This idea will be tricky to implement, but the results will speak for themselves. Not to set expectations too high 🙂, but I believe that the idea I’m going to share with you really does have something to it. It’s all about getting more out of less.
It’s not a new idea. Some people have referred to it as The Pareto Principle, aka the “80/20 rule.” It states that most of the outputs in life are generated from a minority of inputs. This is generalized to imply that 80% of the results tend to come from 20% of the activities.
When you think about simplification and productivity, what do you think about? Most people think about trimming the fat, reducing the slack and doing just as good, with less effort/activity/input.
Achieving such an outcome would be a great result, wouldn’t it?
For example, if you work 40 hours a week and you get a certain result, imagine if you worked 30 hours a week and got the same result, or even a slightly lesser result, but saved a bunch of effort. That would be a good thing, right?
What if you could do even better?
What if you could, by doing less work, not only achieve the same outcome but a much better one, by doing far less than you thought? That’s the idea I want to talk about today. The idea of getting more out of less. Pareto’s Principle taken to an extreme.
To help get your mind around this concept, I would like to share a few examples of how this idea plays out in life already, from the worlds of finance, business and nature. Through these examples you will see that this idea has a lot of truth to it. If you look closely at any aspect of life: less is more!
Be wealthier by trading less
Let’s start by looking at wealth and finance. The game of wealth building is really set up to reward people who can figure out how to get a better return on their money.
The best and brightest people are spending tremendous energy figuring out ways to make more money by actively trading, taking bigger risks and even going as far as building computer systems from the ground up to shave microseconds off trade times.
So, what do the wealth building games people are playing show us?
I recently got paddleboards for my family. With the boards, we got a free book by the company founder, Stephan Aarstol, called The Five Hour Workday. The premise of the book is NOT that we should be lazy. The founder of the company is a savvy entrepreneur who knows how to work hard.
However, Stephan Aarstol saw a better way to get results in business, and it had nothing to do with working harder. It had everything to do with working smarter. He saw that when his team members were happy and living great lives, they were more creative, productive and insightful at work.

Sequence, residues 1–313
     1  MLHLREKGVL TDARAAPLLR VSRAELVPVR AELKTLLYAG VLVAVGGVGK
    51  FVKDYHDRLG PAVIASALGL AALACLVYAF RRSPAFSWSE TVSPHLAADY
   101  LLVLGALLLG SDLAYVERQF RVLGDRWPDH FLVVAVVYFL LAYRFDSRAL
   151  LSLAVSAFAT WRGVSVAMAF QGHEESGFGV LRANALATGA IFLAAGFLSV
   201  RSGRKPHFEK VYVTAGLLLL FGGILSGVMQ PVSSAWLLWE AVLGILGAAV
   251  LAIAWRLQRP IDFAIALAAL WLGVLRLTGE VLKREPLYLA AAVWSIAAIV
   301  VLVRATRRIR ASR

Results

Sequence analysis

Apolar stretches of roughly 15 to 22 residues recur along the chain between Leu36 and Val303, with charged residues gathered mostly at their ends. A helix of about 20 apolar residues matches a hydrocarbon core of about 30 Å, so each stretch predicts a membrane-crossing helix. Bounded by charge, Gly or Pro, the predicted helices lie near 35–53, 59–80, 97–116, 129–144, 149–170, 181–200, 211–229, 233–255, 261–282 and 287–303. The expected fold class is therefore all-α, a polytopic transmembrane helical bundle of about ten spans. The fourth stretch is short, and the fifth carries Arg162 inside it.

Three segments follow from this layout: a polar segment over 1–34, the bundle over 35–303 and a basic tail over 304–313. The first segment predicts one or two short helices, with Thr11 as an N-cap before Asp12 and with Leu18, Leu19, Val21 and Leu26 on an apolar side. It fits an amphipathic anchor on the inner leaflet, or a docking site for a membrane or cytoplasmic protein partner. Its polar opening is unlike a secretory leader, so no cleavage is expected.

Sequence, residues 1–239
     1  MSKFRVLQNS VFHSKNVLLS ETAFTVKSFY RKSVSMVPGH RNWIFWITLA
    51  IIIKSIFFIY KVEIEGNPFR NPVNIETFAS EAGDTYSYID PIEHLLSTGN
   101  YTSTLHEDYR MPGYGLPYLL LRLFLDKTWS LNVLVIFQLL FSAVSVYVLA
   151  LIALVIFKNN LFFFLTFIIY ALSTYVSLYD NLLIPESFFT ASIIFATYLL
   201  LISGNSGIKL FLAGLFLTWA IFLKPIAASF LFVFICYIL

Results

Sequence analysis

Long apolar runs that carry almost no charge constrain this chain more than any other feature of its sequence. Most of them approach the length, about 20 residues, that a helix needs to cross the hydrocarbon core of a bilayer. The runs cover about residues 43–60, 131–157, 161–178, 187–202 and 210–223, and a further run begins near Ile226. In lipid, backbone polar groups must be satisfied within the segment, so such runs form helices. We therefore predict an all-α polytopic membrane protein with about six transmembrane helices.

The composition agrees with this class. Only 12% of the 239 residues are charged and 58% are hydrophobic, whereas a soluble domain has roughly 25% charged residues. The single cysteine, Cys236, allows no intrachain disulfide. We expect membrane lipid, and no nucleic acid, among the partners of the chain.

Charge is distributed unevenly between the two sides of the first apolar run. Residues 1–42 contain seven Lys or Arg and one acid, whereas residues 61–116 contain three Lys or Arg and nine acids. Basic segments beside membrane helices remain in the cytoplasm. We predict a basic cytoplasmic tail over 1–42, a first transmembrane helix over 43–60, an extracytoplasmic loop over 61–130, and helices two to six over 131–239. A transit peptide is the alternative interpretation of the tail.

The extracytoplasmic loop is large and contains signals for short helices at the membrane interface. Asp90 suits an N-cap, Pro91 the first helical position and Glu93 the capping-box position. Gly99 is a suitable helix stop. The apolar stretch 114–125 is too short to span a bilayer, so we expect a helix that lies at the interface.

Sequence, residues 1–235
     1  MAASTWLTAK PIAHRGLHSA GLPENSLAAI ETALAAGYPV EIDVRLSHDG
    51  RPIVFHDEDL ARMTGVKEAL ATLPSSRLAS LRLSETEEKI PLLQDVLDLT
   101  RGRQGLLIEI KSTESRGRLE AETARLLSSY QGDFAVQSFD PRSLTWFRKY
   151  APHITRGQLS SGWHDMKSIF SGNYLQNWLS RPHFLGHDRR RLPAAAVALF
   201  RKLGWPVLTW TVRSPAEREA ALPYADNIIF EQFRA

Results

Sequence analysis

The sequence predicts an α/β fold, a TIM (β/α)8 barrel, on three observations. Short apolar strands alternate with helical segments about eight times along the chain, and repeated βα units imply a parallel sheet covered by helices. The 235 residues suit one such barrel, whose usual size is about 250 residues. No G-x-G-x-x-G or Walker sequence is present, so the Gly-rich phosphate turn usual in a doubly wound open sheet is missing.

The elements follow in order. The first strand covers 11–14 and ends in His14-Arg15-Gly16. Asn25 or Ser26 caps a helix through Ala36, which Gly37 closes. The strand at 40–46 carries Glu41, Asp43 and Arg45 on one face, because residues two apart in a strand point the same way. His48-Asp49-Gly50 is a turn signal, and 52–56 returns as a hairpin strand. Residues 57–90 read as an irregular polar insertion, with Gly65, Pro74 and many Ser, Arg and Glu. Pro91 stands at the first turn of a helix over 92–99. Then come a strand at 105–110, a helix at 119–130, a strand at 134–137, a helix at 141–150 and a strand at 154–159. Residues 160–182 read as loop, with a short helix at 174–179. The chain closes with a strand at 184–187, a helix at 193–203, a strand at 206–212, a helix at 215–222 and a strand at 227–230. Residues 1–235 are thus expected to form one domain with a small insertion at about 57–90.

He performed an experiment and for three months, switched his entire company to a 5-hour workday, 5 days a week, for the same pay as working a full 40 hours week. In fact, he increased their pay, by offering his staff a cut of company profits.
Optimists would think that the experiment would have resulted in a consistent level of business growth, despite the fewer hours worked. This would equate to getting the same outputs from fewer inputs. Not a bad result.
Doubters would think that result was a drop in business, though perhaps not as much as one would expect. This would equate to getting fewer outputs for far fewer inputs. Again, not a bad result if you really care about giving employees back time in their days. However, this isn’t sustainable for a growth-oriented business.
Customers told their friends about their awesome paddleboards and the great company behind them. The business was booming, in spite of the fewer hours worked! This would equate to getting vastly more output from fewer inputs.
Over the years since the book was published, the company changed their work schedule again, going back to an 8-hour workday during the off-season, and sticking to a 5-hour work day during the peak summer months. This is a far cry from the 60-plus hour weeks that are common at other growth-oriented companies.
A weird thing happened—productivity was fine and we actually grew revenues—but the five-hour workday failed us in a completely unexpected way. People were feeling less connected to the company. When you’re working only 25 hours a week, other parts of your life become bigger and more important.